In 2016, the state of South Dakota established an economic nexus standard for sales tax. This standard requires sellers who meet certain revenue or transaction thresholds to collect and remit sales tax to the state even if they have no physical presence in South Dakota. In September of 2017, the South Dakota Supreme Court held the state’s law to be unconstitutional. However, in January of 2018, the U.S. Supreme Court agreed to hear the case with a ruling expected in the summer of 2018. The case title is South Dakota v. Wayfair, Inc.
Since the 1992 U.S. Supreme Court case, Quill v. North Dakota, the standard for collecting and remitting sales tax to a state has been a physical presence in the state. This physical presence, or nexus, is created by having facilities in the state, employees in the state or even sales personnel travelling to the state.
On-line sellers have benefitted from the physical presence requirement. By being able to sell goods in states where they have no physical presence, on-line retailers have escaped the need to collect and remit sales tax in those states.
If South Dakota prevails in the case, the physical presence requirement could be replaced with economic nexus which is measured by a retailer’s revenue or number of transactions in a state. This would require on-line retailers who were not previously required to collect and remit sales tax to do so.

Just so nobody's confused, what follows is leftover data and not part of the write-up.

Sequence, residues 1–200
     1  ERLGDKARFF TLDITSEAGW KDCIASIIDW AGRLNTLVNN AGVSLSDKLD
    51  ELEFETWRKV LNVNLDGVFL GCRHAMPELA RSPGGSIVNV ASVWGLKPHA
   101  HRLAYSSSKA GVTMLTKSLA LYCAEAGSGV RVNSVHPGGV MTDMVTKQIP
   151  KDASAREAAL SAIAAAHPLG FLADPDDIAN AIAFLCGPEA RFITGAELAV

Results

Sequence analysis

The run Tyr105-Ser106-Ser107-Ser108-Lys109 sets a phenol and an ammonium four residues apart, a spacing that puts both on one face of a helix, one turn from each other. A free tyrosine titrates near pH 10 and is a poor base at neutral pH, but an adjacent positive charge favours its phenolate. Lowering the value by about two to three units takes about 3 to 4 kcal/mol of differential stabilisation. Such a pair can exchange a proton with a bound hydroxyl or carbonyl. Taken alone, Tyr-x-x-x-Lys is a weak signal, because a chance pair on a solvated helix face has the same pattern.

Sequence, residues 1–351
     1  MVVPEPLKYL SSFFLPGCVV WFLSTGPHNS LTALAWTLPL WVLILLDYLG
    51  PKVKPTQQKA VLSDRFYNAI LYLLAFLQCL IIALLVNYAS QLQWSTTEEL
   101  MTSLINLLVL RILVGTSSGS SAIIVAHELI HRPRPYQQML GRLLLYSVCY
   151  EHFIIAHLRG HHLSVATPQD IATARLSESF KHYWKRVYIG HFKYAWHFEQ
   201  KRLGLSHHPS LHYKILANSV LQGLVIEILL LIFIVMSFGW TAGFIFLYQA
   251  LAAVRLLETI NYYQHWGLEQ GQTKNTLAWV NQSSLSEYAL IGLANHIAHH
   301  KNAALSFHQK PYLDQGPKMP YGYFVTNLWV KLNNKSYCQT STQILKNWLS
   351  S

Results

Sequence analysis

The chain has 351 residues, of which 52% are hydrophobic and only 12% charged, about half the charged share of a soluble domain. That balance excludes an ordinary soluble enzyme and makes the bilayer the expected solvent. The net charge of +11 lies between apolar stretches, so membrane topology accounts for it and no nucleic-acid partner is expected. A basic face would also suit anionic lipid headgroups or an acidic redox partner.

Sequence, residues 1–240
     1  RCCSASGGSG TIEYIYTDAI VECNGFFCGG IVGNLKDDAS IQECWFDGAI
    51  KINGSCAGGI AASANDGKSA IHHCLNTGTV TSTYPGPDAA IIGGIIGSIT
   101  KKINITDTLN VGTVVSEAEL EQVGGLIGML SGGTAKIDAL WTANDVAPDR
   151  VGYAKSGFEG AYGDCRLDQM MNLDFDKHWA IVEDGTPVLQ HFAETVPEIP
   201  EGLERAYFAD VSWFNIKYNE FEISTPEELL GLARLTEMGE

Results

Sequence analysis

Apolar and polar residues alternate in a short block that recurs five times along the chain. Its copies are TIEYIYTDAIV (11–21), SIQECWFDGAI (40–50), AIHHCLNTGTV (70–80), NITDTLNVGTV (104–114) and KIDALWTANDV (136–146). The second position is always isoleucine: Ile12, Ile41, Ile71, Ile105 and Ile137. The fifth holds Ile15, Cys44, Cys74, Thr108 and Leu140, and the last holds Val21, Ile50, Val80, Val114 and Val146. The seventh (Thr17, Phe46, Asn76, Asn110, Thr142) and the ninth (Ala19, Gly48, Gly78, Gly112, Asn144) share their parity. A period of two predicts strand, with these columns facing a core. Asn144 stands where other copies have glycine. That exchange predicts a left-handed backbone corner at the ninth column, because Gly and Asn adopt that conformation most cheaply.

The legal issue with the Quill case was the regulation of interstate commerce. The ruling was that only Congress has the power to regulate interstate commerce and state action cannot restrict interstate commerce. If the U.S. Supreme Court relies on legal precedent, it may keep the physical presence standard. It may also recognize the realities of an internet economy where the physical presence standards could be construed as outdated. Another option is to say that only Congress can decide the issue.
The stakes are high for both states and retailers. Alabama and Washington are other states with an economic nexus standard. Colorado has been trying to pass economic nexus and finally settled on requiring all Ecommerce companies with Colorado sales to submit a list of those sales to Colorado and to notify purchasers that they must pay Colorado use tax. Idaho, Illinois, Louisiana, Mississippi, Nebraska, Oklahoma, Utah, Rhode Island and Vermont have also introduced legislation to create economic nexus. If the court rules in favor of South Dakota, expect many more states to enact economic nexus standards.
This will be an interesting case to watch.